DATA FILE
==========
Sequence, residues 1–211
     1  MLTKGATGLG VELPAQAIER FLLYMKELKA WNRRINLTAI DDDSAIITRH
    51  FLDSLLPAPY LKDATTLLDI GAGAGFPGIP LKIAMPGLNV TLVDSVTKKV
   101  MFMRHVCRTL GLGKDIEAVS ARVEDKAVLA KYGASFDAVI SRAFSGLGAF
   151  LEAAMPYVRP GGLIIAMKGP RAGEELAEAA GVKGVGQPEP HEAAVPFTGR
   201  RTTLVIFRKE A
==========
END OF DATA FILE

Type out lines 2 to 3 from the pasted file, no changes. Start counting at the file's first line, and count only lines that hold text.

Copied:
     1  MLTKGATGLG VELPAQAIER FLLYMKELKA WNRRINLTAI DDDSAIITRH
    51  FLDSLLPAPY LKDATTLLDI GAGAGFPGIP LKIAMPGLNV TLVDSVTKKV